Monday, April 18, 2011

Reading Between the Lines

Alice Laffin ran her rough hand lovingly over the glossy jacket on a new poetry book before sneaking a quick peek inside when nobody was looking. It was like sampling the green grapes at the grocery store. She couldn’t afford to buy a whole bunch, but every once in awhile when she craved a taste she would eat one that was rolling around loose on the green mesh.

She used to enjoy her visits to the public library so much; the endless choices and feeling of ownership empowered her. Alice sighed as she slid the volume back onto the shelf. It was too thin and would never last until her next visit. She had only enough credits for two more books on the precious library debit card purchased with Christmas money from her daughter. This day she would select the fattest short story anthology she could find, and then pretend each story was a separate title like the stacks of books she used to borrow.

It was those jokers at the state capitol, her brother Herb said; they did it. First they took all the sales tax money away from the cities and towns to fill the big budget hole they dug for themselves. Then they cut the shared revenue dollars that were supposed to come back for roads and municipal services.

That happened the same year that local governments were no longer required by law to maintain library support at a three year average. Alice wanted to stopper her ears when her brother got on his soapbox.

“Then everything really got screwed up,” Herb railed to anyone who would listen. “The gollywhoppers didn’t stop to think that the averaging funding thing was the glue that held the counties and towns together in cooperatives.”

Alice remembered the cooperatives. They were called “systems” and used to run the inter-library loan service and computer catalogs. Once the government councils realized they weren’t obligated to support their local library and tried mooching off neighboring communities, the whole thing went to pot. Nobody wanted to share anymore. Soon the only books Alice could borrow were the ones in her own library. There wasn’t any money for new books because each library now had to buy its own checkout and catalog system or go back to the cards in drawers.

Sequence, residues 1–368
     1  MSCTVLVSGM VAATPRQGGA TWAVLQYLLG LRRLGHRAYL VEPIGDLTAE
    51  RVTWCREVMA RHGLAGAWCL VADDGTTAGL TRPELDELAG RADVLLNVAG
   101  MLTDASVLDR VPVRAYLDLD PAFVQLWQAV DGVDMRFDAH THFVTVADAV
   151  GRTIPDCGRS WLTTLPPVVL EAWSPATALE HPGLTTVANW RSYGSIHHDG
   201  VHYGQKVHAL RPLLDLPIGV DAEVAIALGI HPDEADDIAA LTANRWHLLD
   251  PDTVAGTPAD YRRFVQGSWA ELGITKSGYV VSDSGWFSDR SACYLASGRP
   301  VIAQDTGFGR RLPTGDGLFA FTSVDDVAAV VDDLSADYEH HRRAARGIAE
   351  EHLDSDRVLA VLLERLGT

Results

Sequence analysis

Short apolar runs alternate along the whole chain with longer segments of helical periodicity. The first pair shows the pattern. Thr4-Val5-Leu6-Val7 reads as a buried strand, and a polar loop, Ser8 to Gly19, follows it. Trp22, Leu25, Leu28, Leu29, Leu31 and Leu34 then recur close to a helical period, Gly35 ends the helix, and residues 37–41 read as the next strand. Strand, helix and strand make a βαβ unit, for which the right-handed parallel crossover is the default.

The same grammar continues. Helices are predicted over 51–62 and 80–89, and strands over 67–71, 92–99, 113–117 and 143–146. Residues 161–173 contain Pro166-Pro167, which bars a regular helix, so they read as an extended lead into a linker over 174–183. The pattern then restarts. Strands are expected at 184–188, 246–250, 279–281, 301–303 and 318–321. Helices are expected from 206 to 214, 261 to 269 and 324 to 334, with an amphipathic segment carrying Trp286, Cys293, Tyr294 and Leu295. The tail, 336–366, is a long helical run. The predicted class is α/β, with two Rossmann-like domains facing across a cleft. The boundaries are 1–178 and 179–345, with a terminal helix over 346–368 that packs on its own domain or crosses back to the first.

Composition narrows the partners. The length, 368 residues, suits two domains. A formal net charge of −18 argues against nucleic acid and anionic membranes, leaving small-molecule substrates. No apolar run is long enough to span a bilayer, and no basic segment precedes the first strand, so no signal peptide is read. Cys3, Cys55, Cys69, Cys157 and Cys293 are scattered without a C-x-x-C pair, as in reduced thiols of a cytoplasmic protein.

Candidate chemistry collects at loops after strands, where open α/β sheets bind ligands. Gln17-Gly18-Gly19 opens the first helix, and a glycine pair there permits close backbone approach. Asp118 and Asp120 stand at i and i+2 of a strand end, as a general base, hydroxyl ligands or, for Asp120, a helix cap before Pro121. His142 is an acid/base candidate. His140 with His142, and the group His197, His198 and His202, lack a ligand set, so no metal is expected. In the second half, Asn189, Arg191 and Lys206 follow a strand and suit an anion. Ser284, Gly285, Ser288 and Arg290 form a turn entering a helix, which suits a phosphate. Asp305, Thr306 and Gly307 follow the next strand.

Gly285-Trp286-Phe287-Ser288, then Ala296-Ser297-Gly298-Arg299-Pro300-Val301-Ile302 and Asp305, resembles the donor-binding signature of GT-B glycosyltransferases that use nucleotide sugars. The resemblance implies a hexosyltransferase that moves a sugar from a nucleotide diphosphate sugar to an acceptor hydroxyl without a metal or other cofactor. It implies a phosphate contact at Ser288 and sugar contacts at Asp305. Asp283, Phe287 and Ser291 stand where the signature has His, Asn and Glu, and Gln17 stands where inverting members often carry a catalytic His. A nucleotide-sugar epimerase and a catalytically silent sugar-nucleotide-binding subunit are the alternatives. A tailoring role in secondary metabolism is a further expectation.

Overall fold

Things got worse. When too many libraries closed and the rest were about to completely fall off the tailgate of the pickup truck of local budget priorities, Herb’s jokers changed public library law to replace “free” with “fee.” Permissive legislation they called it. Creating a new revenue stream. You don’t have to charge, they said. Though library boards resisted at first, most soon had no alternative.

Herb used to stroll to his village library and borrow books from all over the state on interlibrary loan, but it was too small to produce enough transactions to be cost effective and closed. People got a better deal at the big city library, but gas was over $6 a gallon now and the roads were terrible.

“You’re lucky you still have a library,” Herb said, “even if homeowners pay twice.”

Alice knew the remaining librarians were uncomfortable with the fees. Debit cards discounted the $3.00 flat rate per item paid by borrowers with minimum privileges. Permanent library cards carried a variable annual fee depending upon which service plan was selected. Only a lucky few could afford an unlimited family card.

Sometimes they offered coupon specials. Borrow one and get one free. Receive one children’s program pass with the rental of ten picture books. Swap a used paperback in good condition for 30 free minutes of computer time.

Alice wondered about low-income families with young children. Were students whose parents couldn’t afford a home computer or were otherwise unable to buy their information getting poorer grades? What about folks needing new job skills, consumer information or how-to books?